SC to begin hearing on principal Ayodhya title suit from October 29

Supreme Court of India
The Supreme Court (SC) on Thursday said it will not set up a larger Bench to review its 1994 verdict which held a "mosque is not an essential part of the practice of Islam". The apex court’s decision has paved the way for a three-member Bench to begin hearing the principal Ayodhya title suit from October 29. The Ayodhya dispute has significant political ramifications, particularly in the run-up to the 2019 Lok Sabha polls.

The Rashtriya Swayamsevak Sangh (RSS) welcomed the SC's decision. "We welcome this decision and are confident that a just verdict will be reached over the case at the earliest," the RSS said. Earlier this month, RSS chief Mohan Bhagwat had called for the construction of a "grand Ram temple" at the disputed site at the earliest and suggested the Narendra Modi government should bring an ordinance to facilitate this.

After the apex court's decision, Uttar Pradesh Chief Minister Yogi Adityanath said the majority of the country wanted a solution to the case at the earliest. "We appeal that this matter is resolved as soon as possible," Adityanath said in Varanasi.

The All India Muslim Personal Law Board (AIMPLB) termed it "some positive movement" in the case. With the SC stating it will hear only the title suit, that is the land dispute over the site, the AIMPLB said the verdict indicated the hearing will not be done on the basis of faith.

Khalid Rashid Farangi Mahali said the AIMPLB had wanted the SC's 1994 observation that the mosque is not integral to Islam be put before a Constitution Bench "so that the matter is resolved permanently." "Two positive things have come from this verdict. First, the Ayodhya matter will not be heard on the basis of faith and will be heard as a title suit," he said. "We hope the final hearing of Ayodhya will be completed soon. The Ayodhya hearing should not be linked with the (2019 Lok Sabha) elections," Mahali said.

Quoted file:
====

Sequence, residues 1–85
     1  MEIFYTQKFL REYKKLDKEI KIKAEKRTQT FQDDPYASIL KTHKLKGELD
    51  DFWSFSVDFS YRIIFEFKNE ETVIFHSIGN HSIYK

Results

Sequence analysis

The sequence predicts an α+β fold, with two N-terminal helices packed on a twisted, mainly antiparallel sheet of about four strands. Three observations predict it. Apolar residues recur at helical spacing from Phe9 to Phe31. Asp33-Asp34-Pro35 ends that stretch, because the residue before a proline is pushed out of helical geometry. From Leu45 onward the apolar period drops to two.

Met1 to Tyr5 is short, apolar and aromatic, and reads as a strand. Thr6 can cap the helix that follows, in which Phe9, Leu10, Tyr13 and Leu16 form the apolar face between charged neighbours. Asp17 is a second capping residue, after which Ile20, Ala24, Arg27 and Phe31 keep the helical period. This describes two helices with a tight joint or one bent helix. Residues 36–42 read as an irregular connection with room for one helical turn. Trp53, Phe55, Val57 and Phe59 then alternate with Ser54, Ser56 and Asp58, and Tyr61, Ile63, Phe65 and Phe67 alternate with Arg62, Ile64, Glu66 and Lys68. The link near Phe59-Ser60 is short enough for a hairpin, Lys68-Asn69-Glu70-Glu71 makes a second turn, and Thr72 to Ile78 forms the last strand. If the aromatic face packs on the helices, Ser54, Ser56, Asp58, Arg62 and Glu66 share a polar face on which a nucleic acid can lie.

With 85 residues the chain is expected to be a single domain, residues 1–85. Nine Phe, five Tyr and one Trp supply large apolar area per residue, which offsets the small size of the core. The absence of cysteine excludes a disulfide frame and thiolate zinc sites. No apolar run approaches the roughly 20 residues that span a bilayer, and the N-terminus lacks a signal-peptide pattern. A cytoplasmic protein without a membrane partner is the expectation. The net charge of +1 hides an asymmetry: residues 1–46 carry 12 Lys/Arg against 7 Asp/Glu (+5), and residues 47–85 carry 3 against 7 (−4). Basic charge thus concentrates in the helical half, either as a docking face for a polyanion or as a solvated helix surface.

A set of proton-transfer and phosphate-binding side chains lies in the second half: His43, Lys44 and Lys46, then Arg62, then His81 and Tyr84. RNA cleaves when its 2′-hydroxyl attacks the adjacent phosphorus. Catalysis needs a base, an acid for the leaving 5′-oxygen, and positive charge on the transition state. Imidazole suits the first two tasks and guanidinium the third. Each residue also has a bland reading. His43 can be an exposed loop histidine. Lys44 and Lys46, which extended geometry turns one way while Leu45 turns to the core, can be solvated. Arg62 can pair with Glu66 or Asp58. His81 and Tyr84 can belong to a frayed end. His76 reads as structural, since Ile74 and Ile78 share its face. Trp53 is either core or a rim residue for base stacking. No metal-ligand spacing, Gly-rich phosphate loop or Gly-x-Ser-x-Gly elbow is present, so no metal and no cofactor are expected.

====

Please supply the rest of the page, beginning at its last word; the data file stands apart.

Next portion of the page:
The Congress said its consistent position has been that all should honour the court judgment. Congress spokesperson Priyanka Chaturvedi said it was unfortunate the Bharatiya Janata Party (BJP) has exploited the dispute to fool people since 1992.

The SC, in a 2:1 verdict, said on Thursday that the issue whether a mosque is an essential part of the practice of Islam was not relevant for deciding the Ram Janmabhoomi-Babri Masjid title dispute.

A Muslim group had appealed to the SC to constitute a five-judge Bench to relook into the observation of a five-judge Constitution Bench in 1994 in the Ismail Faruqui case that a mosque is not an essential part of Islam on the grounds that it has affected the decision of the high court in the land dispute.

A three-judge Bench headed by Chief Justice Dipak Misra, by a majority of 2:1, declined the plea of M Siddiq, one of the original litigants of the Ayodhya case who has died and is being represented through his legal heir, that the matter be referred to a larger Bench.

"We again make it clear that questionable observations made in Ismail Faruqui's case were made in the context of land acquisition. Those observations were neither relevant for deciding the suits nor relevant for deciding these appeals," said Justice Ashok Bhushan, who read out the judgment for himself and the CJI.

The apex court said now the civil suit on land dispute will be heard by a newly constituted three-judge Bench from October 29 as Justice Misra will retire on October 2 as the CJI.

The issue whether mosque is integral to Islam had cropped up when a three-judge bench headed by CJI Misra was hearing a batch of appeals filed against the Allahabad High Court's 2010 verdict by which the disputed land on the Ram Janmabhoomi-Babri Masjid area was divided into three parts.

The three-judge high court Bench, in a 2:1 majority ruling, had ordered that the 2.77 acres of land be partitioned equally among three parties -- the Sunni Waqf Board, the Nirmohi Akhara, and Ram Lalla.

The court also said all religions have to be respected equally by the State. "All mosques, all churches and temples are significant for the community." Justice S A Nazeer, the third judge, dissented with the majority view and said the question whether mosque was essential part of the religion cannot be decided without a "detailed examination of the beliefs, tenets and practice of the faith" and favoured reconsideration of the issue to a larger Bench. 

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